I can relate to the bad algorithms after being in the hospital myself with the pain drip machine falling offline and waking me up a lot. Well that’s just my tiny world there but the hospital staff lives and breathes these things every day. So my experience with the device above is only one tiny device compared to what goes off in a hospital. This is a good study and well worth it to get some data on what’s going on. This is not the first time this topic has been brought up either but I think it’s the first time there’s been “real” data to look at to see how bad it can be.
Every time an alarm goes off there’s a purpose to it and with 88% of the Arrhythmia Alarms being false positives, you and I and anyone else would tune them out as you know there’s good odds that it’s a fake alarm and it goes down the list of priorities to attend to, and shut it off.
This study was done at USCF a big hospital and they have a lot of automation all over to include alarms. A while back this video appears in the Boston Globe and it’s worth repeating to watch again.
Is that screech enough to get your attention in the video, hold your ears. The “toxic” alarms of course are the ones that require urgent attention and even the video they talk about the false positives. They spend a lot of time chasing alarms and now we have a number to put to it. Interfacing between devices and information systems is about the biggest problem and there’s more such as broken connectors and so on. With more devices entering medical data, I again think the ONC would be miles ahead to be over at the FDA as EMRs and devices, just due to the way technology is rolling are growing together and that way they would have two points of view from safety and the records portions and I would think we would win there. BD
Their study is in the Oct. 22 issue of PLOS ONE and available online.
The issue of alarm fatigue has become so significant that The Joint Commission, a national organization that accredits hospitals, named it a National Patient Safety Goal. This goal requires hospitals to establish alarm safety as a priority, identify the most important alarms and establish policies to manage alarms by January 2016.
“There have been news stories about patient deaths due to hospital staff silencing cardiac monitor alarms and alerts from federal agencies warning about alarm fatigue,” said senior author Barbara Drew, PhD, RN, David Mortara Distinguished Professor in Physiological Nursing in the School of Nursing at UCSF. “However, there have been little data published on the topic to inform clinicians about what to do about the problem. Our study is the first to shed light on cardiac monitor alarm frequency, accuracy, false alarm causes and strategies to solve this important clinical problem.”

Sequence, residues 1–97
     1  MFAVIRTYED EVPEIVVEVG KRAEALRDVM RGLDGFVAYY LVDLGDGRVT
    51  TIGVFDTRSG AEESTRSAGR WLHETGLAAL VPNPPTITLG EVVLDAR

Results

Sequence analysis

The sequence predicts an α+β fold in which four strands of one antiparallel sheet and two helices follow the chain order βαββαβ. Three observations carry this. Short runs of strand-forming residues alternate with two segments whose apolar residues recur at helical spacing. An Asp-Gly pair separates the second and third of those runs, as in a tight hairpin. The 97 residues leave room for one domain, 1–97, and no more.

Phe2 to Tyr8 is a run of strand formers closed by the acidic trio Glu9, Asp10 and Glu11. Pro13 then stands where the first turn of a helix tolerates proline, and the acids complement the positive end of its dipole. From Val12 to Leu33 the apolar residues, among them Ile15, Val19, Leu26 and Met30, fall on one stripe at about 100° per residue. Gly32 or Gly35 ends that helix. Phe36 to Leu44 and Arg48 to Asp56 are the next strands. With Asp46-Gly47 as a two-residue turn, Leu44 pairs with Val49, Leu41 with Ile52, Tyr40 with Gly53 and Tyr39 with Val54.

During that time period, a staggering 2,558,760 unique alarms were recorded, many caused by a complex interplay of inappropriate user settings, patients’ conditions and computer algorithm deficiencies. This includes a subset of 1,154,201 arrhythmia alarms, of which 88.8 percent were determined to be false positives caused by the algorithm deficiencies.
When it came to Ebola, there was a lot more policy to be written of course other than just getting rid of a larger cup. Folks like this are are a danger and it goes all the way up to the White House, Obama and Biden, and the email bot that comes out of the White House too. Again, I call it “The Grays” to where folks can tell what’s virtual and what’s the real world and further whether or not to use a “virtual” or “real world solution. Well Ebola is the “real” world so nothing virtual was going to work here. I wrote this post a while back on that topic based on what I have been observing in the world today.
The article here goes on to talk about some of the other focuses that Thomas Frieden had while he worked at the New York City Health Department so he took the easy things that work with PR, transfats, smoking and more, so according to this article this is where his best expertise was. He didn’t do too well with the flu and ignored some requested policy in that area.
So long and short of all of this, well maybe we had one more living in “The Grays” for too long and I’ll tag the Big Gulp campaign right to his tail with pushing Big Gulp and Bloomberg too:) They just didn’t know when to stop shoving a broken model down the throats of consumers. Data Scientists and Quants do get that way with their models and someone once in a while if they get off base has to come in and say “no” as they are not Gods.
Seriously we need to either get these folks to spend more time in the “real” world and drop out of their virtual values when the addiction takes over or can them if it’s that bad. Well I guess when we look at where he came from and where he got his basic training, did politics speak louder than the virus? You decide. BD
As City Journal's Steven Malanga reports, CDC chief Frieden has spent the last decade crafting government policies to attack smoking, transfats, and other dubious "lifestyle diseases" instead of, for instance, focusing on bio terror threats like anthrax and Ebola, or crafting policy to treat heart problems and cancers.
In 2001, only months after the Twin Towers fell in New York and during the same time Americans were on guard against anthrax, Frieden interviewed for the position of New York City Health Commissioner.
In that interview he was asked what his priority would be if he got the job. Instead of worrying about terrorism, bio terror, heart conditions, food borne illness from local restaurants, or cancer, Frieden said that his big priority would be to attack the tobacco companies.
Once he took on the NYC health position, Frieden began to initiate polices that offered increasingly "outrageous solutions to health problems based on few facts," Malanga wrote.
These dubious political campaigns were the soul of Frieden's tenure as NYC Health Commissioner and led to other health policies, such as Mayor Bloomberg's ban on large sodas